206171 Age-friendly New York City: A New Way to Address and "Old" Problem

Monday, November 9, 2009

Paula J. Gardner, PhD , Division of Health Policy, New York Academy of Medicine, New York, NY
Julie Netherland, MSW , Division of Health Policy, The New York Academy of Medicine, New York, NY
Ruth Finkelstein, ScD , Division of Health Policy, The New York Academy of Medicine, New York, NY
In New York – as in other urban centers – the converging trends of globalization, urbanization, and aging have placed unprecedented demands on city infrastructure and planning. Traditionally in the U.S., the challenges of aging have been addressed by implementing “aging services” targeted to the old and infirmed. This approach fails to maximize the potential of older adults or the strengths of the urban environment. Moreover, the voices of older adults are often left out of efforts to plan for their needs. New York City is currently engaged in a groundbreaking project that adopts a new planning paradigm whereby all facets of city life are viewed through the lens of aging. As part of the Age-friendly New York initiative, more than twenty City agencies assessed their own age-friendliness. Concurrently, through community forums, focus groups, individual interviews, and expert roundtables, more than 1500 participants were asked to evaluate how City services, settings, and structures are inclusive of, and accessible to, older people and how they could be improved. The year-long assessment culminated in a findings report that clearly demonstrates that the perspectives of older urban residents must be incorporated into all public policy and urban planning processes. Going forward, a public-private Commission will oversee concrete efforts to improve New York's age-friendliness. This project models how to effectively engage government partners in an inclusive planning process to maximize older residents' participation in city life, including its transportation systems, parks and outdoor spaces, cultural institutions, health and social services, communication and information, and housing.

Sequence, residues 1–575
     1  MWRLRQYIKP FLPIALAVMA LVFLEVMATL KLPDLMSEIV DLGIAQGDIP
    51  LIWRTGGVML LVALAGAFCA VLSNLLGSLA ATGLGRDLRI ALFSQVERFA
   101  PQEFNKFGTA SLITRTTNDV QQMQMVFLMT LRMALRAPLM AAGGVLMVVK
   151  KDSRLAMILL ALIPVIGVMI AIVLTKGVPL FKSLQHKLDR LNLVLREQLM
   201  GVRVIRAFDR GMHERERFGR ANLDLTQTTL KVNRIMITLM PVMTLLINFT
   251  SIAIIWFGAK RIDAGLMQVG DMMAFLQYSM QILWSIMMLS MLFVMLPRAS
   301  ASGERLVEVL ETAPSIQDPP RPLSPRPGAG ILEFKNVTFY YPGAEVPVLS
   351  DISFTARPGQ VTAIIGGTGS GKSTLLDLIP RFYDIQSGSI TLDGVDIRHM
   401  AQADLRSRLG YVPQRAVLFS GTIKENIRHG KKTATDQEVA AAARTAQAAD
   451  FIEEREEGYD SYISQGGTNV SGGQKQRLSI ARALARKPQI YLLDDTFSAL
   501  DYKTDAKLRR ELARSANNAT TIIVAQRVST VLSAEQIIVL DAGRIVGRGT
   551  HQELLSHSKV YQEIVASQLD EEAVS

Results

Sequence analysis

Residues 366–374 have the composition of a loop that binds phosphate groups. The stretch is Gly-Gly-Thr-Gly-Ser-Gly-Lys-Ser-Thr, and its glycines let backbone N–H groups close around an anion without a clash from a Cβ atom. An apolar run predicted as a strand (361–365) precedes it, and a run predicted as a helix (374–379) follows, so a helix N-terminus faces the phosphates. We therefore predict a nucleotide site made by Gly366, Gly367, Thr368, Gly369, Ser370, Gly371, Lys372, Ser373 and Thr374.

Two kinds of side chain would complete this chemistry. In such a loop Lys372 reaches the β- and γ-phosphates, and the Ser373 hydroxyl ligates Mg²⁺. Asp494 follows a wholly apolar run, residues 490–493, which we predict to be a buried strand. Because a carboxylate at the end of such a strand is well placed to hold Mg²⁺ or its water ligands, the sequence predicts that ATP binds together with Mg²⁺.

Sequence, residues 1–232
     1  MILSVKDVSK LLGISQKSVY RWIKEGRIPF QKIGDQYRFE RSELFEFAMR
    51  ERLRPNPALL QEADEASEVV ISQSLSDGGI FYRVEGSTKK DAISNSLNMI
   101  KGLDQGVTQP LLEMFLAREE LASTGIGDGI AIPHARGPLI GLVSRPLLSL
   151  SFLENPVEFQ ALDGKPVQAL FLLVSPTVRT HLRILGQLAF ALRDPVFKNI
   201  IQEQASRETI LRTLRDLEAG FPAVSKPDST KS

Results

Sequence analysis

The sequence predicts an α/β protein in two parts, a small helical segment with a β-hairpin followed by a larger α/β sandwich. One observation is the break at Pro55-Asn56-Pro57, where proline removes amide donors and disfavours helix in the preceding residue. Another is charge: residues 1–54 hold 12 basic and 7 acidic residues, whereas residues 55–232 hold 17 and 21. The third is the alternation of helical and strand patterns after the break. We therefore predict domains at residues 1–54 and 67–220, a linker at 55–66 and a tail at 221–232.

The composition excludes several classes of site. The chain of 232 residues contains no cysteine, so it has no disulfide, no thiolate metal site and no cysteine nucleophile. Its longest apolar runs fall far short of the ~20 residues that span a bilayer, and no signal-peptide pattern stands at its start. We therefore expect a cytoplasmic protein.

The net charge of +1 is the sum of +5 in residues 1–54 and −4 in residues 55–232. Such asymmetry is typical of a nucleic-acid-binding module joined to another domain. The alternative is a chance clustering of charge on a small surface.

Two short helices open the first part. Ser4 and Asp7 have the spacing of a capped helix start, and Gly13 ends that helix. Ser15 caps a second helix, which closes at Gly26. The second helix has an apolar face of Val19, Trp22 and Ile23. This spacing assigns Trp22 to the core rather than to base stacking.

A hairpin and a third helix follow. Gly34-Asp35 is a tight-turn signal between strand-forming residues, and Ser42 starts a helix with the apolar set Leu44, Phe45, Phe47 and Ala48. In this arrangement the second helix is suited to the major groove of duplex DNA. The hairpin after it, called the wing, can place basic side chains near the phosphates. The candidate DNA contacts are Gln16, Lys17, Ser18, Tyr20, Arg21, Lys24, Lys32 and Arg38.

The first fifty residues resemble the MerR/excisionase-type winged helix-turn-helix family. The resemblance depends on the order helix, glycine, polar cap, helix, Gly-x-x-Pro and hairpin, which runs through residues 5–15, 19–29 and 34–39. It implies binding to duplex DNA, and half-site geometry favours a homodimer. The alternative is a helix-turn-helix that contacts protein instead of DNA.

Learning Objectives:
1. Explain an “age-friendly city” and a new paradigm for aging planning 2. Describe the inclusive planning process utilized in New York that incorporated the voices of older adults, government partners, and experts 3. Discuss findings and next steps that have emerged

Keywords: Aging, Public Policy

Presenting author's disclosure statement:

Qualified on the content I am responsible for because: I participated fully in the research and implementation of this project.
Any relevant financial relationships? No

I agree to comply with the American Public Health Association Conflict of Interest and Commercial Support Guidelines, and to disclose to the participants any off-label or experimental uses of a commercial product or service discussed in my presentation.